Friday, February 02, 2007

Dacoity in the name of socialism

The story goes something like this: In a village far, far away, a man wishes to start his own bakery. He knows he has the recipe for the best bread in town. So he saves and plans for years before he has enough money to start his business.

He finally sets up his shop, and starts making his bread. People love how it tastes; it's unlike anything they've ever tasted, and the bread has nutritious ingredients exclusive to this baker's recipe. Nobody knows what goes in the bread, but everyone knows it's good for health.

The baker is experiencing windfall. News about his recipe spreads. The King soon hears of it. He orders his men to bring him a sample. Upon tasting the bread, the King begins to think.

Soon after, the King's soldiers confiscate the bakery. The baker is summoned. The King says the baker can carry on with his business only if he produces the bread free of cost for him, reveals his secret recipe, and also deposits all his profits into the royal treasury.

The King also decides that the bread will be given away to the community so that everyone can get a taste of the nutritious bread, free of cost. The baker is helpless. He can't help but agree.

This story might sound familiar to those who've been following the battle over the rights to broadcast cricket matches in India.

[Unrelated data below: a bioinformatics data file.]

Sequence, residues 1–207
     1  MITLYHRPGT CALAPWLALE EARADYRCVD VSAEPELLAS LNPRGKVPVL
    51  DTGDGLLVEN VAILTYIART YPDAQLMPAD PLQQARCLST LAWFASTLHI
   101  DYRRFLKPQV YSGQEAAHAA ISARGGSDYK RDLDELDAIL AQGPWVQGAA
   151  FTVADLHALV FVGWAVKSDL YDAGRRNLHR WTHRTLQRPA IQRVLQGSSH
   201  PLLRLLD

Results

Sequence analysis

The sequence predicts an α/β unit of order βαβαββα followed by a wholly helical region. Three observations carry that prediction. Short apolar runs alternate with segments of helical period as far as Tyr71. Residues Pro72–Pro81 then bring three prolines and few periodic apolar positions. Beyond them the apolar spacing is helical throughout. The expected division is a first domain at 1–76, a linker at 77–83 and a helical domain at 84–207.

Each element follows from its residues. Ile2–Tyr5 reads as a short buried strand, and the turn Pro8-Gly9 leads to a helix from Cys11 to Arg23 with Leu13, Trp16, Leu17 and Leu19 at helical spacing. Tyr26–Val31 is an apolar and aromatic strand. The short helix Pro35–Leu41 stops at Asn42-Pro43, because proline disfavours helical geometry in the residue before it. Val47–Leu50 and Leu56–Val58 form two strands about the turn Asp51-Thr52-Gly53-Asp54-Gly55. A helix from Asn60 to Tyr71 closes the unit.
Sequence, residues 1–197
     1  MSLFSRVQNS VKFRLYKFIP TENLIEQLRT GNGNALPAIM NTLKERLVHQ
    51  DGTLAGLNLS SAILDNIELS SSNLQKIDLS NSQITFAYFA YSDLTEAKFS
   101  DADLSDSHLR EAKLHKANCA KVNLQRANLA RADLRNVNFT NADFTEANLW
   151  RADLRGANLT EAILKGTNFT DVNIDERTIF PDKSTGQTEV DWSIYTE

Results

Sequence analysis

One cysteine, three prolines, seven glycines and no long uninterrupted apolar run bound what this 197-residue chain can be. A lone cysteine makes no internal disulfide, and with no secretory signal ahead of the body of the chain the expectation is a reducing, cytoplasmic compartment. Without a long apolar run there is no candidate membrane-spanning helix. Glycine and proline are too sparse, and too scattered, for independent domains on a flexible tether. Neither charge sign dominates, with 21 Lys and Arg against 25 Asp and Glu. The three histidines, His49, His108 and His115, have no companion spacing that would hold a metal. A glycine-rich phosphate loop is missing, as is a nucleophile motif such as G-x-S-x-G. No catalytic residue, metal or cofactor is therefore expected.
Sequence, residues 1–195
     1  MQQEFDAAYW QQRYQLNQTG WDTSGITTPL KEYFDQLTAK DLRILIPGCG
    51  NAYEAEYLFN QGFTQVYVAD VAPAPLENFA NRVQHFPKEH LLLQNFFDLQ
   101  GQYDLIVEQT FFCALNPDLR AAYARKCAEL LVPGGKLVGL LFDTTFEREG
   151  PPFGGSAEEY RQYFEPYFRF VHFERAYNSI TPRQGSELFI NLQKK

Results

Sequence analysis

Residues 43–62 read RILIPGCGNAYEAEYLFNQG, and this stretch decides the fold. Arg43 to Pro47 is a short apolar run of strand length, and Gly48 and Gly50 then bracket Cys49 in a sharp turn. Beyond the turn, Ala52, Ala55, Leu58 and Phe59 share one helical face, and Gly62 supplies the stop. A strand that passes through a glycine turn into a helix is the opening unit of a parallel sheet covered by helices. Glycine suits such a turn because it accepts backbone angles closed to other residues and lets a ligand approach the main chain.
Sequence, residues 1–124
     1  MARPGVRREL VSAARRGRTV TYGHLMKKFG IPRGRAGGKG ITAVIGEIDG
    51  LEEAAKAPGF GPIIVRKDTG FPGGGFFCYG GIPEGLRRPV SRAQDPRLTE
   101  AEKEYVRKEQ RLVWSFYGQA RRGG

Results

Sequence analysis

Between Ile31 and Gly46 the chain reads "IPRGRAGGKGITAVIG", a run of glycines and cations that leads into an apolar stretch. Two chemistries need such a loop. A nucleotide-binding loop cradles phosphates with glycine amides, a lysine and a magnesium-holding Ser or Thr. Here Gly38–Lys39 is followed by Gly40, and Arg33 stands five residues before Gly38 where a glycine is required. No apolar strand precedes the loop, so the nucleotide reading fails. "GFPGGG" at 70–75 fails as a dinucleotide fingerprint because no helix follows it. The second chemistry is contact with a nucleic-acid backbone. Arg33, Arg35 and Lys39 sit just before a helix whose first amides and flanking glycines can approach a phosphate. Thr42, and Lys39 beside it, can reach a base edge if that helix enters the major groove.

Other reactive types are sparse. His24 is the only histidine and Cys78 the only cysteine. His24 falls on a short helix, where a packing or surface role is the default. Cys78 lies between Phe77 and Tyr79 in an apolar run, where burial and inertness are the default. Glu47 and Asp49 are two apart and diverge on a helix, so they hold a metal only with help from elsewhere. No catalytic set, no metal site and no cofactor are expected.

Because now comes the news that Prasar Bharti will get a feed from private broadcasters, without advertisements, of events of national importance, starting February 8.

This is dacoity in the name of socialism. Private broadcasters (in this case, Nimbus) have bid millions of dollars to buy the rights to these games. Prasar Bharti hasn’t spent a paisa. Yet, because of this ordinance, not only will they get the deferred live feed, they can also get to mint money from advertisements.

Prasar Bharti will get only 25% of the advertisement revenue — the rest goes to Nimbus, and quite rightly too — but if this is being done in “national interest”, why wouldn’t the government give up 100% of their ad revenue?

I’m in favour of making cricket more accessible to the masses, but isn’t protecting individual rights in national interest too?

This is not a free country, believe it or not. With brotherpuckers like Priyaranjan Dasmunsi around, we’ll never know what it is to be self-respecting and free people.


illusion said...

boy, you have taken prasar bharati's a*** off!

Sir Nicholas said...

The state exists to protect the society. I am not against individualism or for that matter, capitalism, however granting of monopoly rights to one channel, ruling out competition is bad for the collectivist interests.

If there was actual competition between private players, and perhaps even Prasar Bharti, then the feed would have been shared at lower costs for the general public.

Nimbus has been sticking to a higher-pricing policy and is in a way trying to arm-twist private cable networks to cede to the high costs it wants to charge from the subscribers, without any kind of competition in the market.

Does the government have any other solution?